On January 9, the CFPB entered into a Consent Order and Stipulation against two medical debt-collection law firms and their president for alleged violations of the FDCPA and FCRA. Based on these allegations, the CFPB ordered the Respondents to provide $577,135 in relief to affected consumers, correct their business practices, and pay a $78,800 civil money penalty. According to the allegations set forth in the consent order, between January 2012 and August 2016, debt collectors working for the firms violated the FDCPA by giving the false impression that the firm’s “Demand Letters were from an attorney or that the firm’s attorneys were meaningfully involved in reviewing the consumer’s case or had reached a professional judgment that sending a Demand Letter or making a collection call was warranted.” The Bureau also found that the firms notarized consumer affidavits for use in debt-collection lawsuits without properly verifying the truth of the signature. The CFPB also alleged that the firms violated FCRA’s Regulation V by failing to establish, implement, and periodically review and update reasonable written policies and procedures regarding the accuracy and integrity of consumer information furnished to consumer reporting agencies.
On January 18, the CFPB initiated an enforcement action against the nation’s largest student loan servicer based upon alleged violations of the CPA, FCRA, and FDCPA. In a complaint filed with the Middle District of Pennsylvania, the Bureau charged that the student lender “systemically and illegally” created “obstacles to repayment” and “cheated” many borrowers out of their rights to lower repayments, causing them to pay much more than they had to for their loans. The CFPB “seeks to obtain permanent injunctive relief, restitution, refunds, damages, civil money penalties, and other relief.”
Later that day, the lender issued a statement categorically rejecting the CFPB’s charges, explaining: “[T]he suit improperly seeks to impose penalties  based on new servicing standards applied retroactively and applied only against one servicer. The regulator-asserted standards are inconsistent with Department of Education regulations, and will harm student loan borrowers, including through higher defaults.” The company also noted that “the timing of this lawsuit—midnight action filed on the eve of a new administration—reflects their political motivations.”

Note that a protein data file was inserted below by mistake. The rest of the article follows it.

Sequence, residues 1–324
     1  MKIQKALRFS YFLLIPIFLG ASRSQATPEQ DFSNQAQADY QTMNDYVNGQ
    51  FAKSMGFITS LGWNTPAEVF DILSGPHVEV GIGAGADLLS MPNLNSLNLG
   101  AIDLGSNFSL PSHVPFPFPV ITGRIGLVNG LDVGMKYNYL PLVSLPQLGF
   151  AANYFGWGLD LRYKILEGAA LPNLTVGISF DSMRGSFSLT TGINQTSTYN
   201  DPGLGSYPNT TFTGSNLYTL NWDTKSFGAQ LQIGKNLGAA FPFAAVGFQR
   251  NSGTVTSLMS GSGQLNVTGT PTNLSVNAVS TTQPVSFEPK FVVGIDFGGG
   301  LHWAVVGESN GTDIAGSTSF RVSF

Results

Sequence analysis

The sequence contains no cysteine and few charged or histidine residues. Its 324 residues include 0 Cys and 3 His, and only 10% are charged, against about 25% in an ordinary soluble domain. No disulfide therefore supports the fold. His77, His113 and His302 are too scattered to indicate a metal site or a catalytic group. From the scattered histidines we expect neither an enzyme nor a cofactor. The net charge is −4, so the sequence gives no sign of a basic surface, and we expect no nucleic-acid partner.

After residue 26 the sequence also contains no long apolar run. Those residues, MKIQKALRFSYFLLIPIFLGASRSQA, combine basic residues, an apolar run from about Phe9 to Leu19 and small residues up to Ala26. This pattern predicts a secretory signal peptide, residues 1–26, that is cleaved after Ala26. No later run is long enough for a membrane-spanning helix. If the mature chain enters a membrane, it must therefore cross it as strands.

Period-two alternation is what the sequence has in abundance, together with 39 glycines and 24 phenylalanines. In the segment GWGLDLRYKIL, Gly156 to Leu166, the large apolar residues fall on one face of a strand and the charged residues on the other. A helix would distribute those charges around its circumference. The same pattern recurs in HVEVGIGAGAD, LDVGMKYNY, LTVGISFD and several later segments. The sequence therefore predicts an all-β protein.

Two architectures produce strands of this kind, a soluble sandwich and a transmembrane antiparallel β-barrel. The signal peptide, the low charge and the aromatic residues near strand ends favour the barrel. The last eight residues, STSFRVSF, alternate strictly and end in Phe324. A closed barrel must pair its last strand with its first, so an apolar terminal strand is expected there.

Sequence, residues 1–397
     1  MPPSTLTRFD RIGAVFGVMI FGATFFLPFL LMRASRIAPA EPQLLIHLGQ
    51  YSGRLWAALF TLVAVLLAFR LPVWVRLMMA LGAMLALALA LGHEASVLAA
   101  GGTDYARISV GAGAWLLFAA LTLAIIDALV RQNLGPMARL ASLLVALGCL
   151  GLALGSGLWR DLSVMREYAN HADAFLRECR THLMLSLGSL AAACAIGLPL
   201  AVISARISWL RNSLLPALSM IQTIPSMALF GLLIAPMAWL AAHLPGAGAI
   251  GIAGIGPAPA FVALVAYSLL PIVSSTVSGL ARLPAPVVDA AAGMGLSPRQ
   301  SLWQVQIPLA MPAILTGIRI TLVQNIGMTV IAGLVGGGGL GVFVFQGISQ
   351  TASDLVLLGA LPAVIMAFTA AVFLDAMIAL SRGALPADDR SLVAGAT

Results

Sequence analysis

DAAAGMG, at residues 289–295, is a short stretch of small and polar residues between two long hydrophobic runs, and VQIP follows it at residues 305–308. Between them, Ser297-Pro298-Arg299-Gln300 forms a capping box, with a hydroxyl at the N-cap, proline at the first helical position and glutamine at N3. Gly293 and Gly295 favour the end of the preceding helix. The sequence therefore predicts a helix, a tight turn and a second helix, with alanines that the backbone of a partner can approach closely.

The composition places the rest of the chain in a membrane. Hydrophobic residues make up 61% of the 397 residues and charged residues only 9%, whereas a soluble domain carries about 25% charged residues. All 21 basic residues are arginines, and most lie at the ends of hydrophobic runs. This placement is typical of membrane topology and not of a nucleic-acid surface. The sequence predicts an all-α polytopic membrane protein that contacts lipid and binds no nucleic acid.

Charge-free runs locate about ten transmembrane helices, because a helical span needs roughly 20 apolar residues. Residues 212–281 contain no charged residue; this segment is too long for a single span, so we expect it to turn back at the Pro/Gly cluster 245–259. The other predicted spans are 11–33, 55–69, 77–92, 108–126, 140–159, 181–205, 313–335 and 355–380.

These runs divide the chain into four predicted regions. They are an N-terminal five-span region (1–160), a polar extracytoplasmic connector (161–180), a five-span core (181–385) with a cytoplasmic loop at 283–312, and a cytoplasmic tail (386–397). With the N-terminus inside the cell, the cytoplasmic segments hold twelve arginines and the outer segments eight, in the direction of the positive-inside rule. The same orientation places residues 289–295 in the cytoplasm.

On October 19, the Ninth Circuit, in an opinion by Judge Kozinski, held that merely enforcing a security interest is not “debt collection” under the federal Fair Debt Collection Practices Act (“FDCPA”). Ho v. ReconTrust Co., Case: 10-56884 (Oct. 20, 2016). In so holding, the Ninth Circuit disagreed with earlier decisions by the Fourth and Sixth Circuits, creating a split that might eventually be resolved by the U.S. Supreme Court. See e.g. Piper v. Portnoff Law Associates Ltd., 396 F.3d 227, 235-36 (3d Cir. 2005); Wilson v. Draper & Goldberg PLLC, 443 F.3d 373, 378-79 (4th Cir. 2006); Glazer v. Chase Home Finance LLC, 704 F.3d 453, 461 (6th Cir. 2013).
In Ho, a borrower sued several foreclosure firms after she defaulted on her mortgage loan, alleging that the defendant-companies had violated the FDCPA by sending her default notices stating the amounts owed. The district court dismissed that claim, finding the trustee was not a debt collector engaged in debt collection under the FDCPA. On appeal, the Ninth Circuit affirmed the dismissal. The Court observed that a notice of default and a notice of sale may state the amounts due, but they do not in fact demand payment. Moreover, in California, deficiency judgments are not permitted after a non-judicial foreclosure sale, so no money can be collected from the homeowner. Notably, the notices complained of in Ho are required by California law prior to exercising the right to non-judicial foreclosure.
Last week, the CFPB’s final rule amending the mortgage servicing provisions of Regulations X and Z was published in the Federal Register. The amendments were previously covered in BuckleySandler’s August 9 Special Alert. The majority of the final rule will take effect on October 19, 2017, exactly one year after its Federal Register publication date. Certain provisions related to successors in interest and bankruptcy periodic statements will become effective on April 19, 2018. The CFPB’s interpretive rule under the FDCPA addressing industry concerns and conflicts with the servicing rules in Regulations X and Z was simultaneously published in the Federal Register on October 19, 2016.
On September 21, the DOJ and FTC entered into an agreement with the former vice president of a Texas-based debt collection company, to resolve allegations that that he violated Section 5 of the FTC Act and Section 807 of the FDCPA. The stipulated order enters a civil penalty of $496,000, but suspends the majority of the judgment based on certain conditions, including cooperation in the ongoing lawsuit against his former company.